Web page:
From 1959, here’s a short film that asks the question, “What made Sammy speed?”
(I’m going to guess that the title is meant to pay homage to the novel, What Makes Sammy Run?)
Sammy Robertson (played, in flashbacks, by David Felshaw) was a popular high school student until he was killed when his car collided with a truck. A local detective tries to figure out what caused the accident to happen. To be honest, I’m not really sure why there’s any question as to why it happened. Sammy was speeding. He ran a stop sign. The truck crashed into his car. It’s tragic and there’s definitely a lesson to be learned about paying attention to the road but it’s not particularly complicated. It really doesn’t seem like the sort of thing that would require a massive criminal investigation. It’s not like Sammy was smuggling drugs or drinking or driving or anything like that. At most, the cops might want to ask themselves why the stop sign was at such a strange angle.
Still, since there’s apparently no other crimes being committed in this town, the detective spends a few days talking to Sammy’s relatives and his friends and trying to figure out why Sammy felt it was okay to speed. (The driver of the truck, meanwhile, is totally let off the hook. How fast was he going because it looks like he really messed up Sammy’s car.) The detective learns that Sammy’s father wasn’t a particularly good driver. He learns that Sammy’s little brother looked up to Sammy whenever he would drive fast. He learned that Sammy’s friends were impressed by his car and his total lack of concern when it came to safety. (That said, most of them still refused to ride with him. They knew better than to risk their chances to attend the next sock hop.) He learns that, shortly before the accident, Sammy’s boss couldn’t give him a raise and that Sammy failed in his attempts to join the school’s baseball team. Broke and not destined for athletic glory, Sammy needed to feel like a man so he ignored the speed limit and the stop sign. He had issues with authority, the detective tells us.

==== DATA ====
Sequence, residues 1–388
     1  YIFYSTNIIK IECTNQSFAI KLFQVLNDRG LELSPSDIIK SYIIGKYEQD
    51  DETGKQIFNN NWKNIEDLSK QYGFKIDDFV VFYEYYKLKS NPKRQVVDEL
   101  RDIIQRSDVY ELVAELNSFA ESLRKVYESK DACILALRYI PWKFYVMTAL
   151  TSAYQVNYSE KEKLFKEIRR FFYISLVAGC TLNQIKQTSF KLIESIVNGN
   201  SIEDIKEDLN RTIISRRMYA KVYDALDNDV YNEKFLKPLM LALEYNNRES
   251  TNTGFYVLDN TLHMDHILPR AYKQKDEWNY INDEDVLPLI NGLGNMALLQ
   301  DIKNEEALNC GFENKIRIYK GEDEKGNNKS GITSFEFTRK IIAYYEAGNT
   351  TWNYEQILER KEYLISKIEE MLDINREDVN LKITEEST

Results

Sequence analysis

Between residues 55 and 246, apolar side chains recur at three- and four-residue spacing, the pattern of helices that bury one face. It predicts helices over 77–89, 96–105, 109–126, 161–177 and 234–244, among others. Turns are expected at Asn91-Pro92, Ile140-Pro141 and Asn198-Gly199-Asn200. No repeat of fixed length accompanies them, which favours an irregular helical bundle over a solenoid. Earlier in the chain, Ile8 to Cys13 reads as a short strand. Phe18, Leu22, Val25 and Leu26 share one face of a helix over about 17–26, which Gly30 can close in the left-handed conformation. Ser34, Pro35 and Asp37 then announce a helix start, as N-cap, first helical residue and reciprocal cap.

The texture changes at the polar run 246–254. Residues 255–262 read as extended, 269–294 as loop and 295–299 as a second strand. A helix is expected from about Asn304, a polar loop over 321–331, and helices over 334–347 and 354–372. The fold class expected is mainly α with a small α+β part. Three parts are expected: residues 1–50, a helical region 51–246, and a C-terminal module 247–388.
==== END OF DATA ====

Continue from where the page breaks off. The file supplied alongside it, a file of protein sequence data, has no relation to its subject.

Yes, the detective tells us a lot. That’s because this is a Sid Davis production and no Sid Davis production was complete without a judgmental narrator. In this case, the narrator decides that everyone was to blame for Sammy driving too fast so I guess the message here is to let a bad player on the team and always give your employees a raise whether you can afford it or not. If you don’t, the worst possible thing that could happen will happen. That was another frequent Sid Davis lesson. The worst always happens, no matter what. That said, my main takeaway from this film was that Sammy was just naturally self-destructive. It really doesn’t sound like anyone could have saved Sammy. Sammy’s enemy was not the coach, his boss, his father, the cops, or even his little brother. Sammy’s greatest enemy was himself.
Anyway, here’s a blast from the past from 1959. Watch it the next time you’re tempted to drive too fast.